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I have to give it 3 stars for complexity, pace and new ideas. But this book isn't as good as the first. It seems as if the author is making it up as he goes along, and inventing new stuff as required to keep the plot moving. As with the first book, almost every move is telegraphed. Creston, right, the guy who lives as a recluse until everyone who knew him is gone, then reappears in rags to say, "Yo, I'm here to captain the super-ship" and everyone says, "hey, Cres, dude, you da man. We have sympathetic magic that works at a distance.
A model of an object reflects changes to the object, and this seems to be common but no one has ever thought to use it for anything else. A torn notebook can be used like a fax machine over apparently-infinite distances, but no one has ever thought to use it for anything except as a walkie-talkie for travelling priestesses.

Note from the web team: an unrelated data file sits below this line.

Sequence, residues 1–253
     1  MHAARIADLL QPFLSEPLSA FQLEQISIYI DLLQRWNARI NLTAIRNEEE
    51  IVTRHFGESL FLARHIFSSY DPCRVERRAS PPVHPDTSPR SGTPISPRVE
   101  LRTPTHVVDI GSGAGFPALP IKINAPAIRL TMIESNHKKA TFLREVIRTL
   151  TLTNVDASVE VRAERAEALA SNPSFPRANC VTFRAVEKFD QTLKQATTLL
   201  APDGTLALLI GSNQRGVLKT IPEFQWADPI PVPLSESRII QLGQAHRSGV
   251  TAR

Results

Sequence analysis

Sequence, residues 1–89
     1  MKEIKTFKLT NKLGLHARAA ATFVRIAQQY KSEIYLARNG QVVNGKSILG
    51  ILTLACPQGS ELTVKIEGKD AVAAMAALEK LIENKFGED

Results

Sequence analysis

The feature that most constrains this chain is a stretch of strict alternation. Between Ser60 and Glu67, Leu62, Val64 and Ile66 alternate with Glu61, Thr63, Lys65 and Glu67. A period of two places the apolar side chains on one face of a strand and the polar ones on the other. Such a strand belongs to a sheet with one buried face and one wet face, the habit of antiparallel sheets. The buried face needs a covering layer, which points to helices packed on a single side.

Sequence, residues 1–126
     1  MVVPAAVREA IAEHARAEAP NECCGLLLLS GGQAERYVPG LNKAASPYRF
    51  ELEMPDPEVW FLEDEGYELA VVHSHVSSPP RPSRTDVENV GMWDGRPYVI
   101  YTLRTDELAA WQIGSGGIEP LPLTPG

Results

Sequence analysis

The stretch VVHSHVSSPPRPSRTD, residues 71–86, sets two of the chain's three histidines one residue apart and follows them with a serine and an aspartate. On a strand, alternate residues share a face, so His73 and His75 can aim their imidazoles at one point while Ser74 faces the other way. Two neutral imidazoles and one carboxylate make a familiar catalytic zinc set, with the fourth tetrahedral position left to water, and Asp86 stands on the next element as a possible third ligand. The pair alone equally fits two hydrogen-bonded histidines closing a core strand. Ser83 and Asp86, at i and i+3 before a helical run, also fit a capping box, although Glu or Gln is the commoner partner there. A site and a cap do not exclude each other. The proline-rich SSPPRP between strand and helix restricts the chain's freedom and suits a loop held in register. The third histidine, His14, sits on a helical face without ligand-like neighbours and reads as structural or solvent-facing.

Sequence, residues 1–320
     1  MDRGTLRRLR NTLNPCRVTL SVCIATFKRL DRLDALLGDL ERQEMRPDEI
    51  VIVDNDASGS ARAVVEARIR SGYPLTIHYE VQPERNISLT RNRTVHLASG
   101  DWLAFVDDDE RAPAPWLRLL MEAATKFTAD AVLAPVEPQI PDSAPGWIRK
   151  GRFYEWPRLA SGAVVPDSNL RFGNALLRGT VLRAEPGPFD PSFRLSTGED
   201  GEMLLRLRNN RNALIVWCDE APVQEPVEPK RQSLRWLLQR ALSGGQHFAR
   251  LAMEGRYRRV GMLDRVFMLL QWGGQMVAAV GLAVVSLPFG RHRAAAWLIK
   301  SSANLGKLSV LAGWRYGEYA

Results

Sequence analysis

In a world with Dalicar who is clearly C. Dibbler from Discworld someone would have found a military or commercial application. Sailing, sailing, dum de dum de dum - oh, look, here's God's body. Not to worry, his wife can un-age and is a mighty wizard, although I'd have thought that his powers would let her just make a new ship instead of plugging holes with starfish.
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Never mind, let's piss her off and flee. Oops, gosh, look a serpent big enough to circle the world, although its head is small enough to swoop down and check us out. Let's repeat countless times that mammoths can't be tamed and there's nothing for them to eat, then let's march them across a mountain range hello, Hannibal!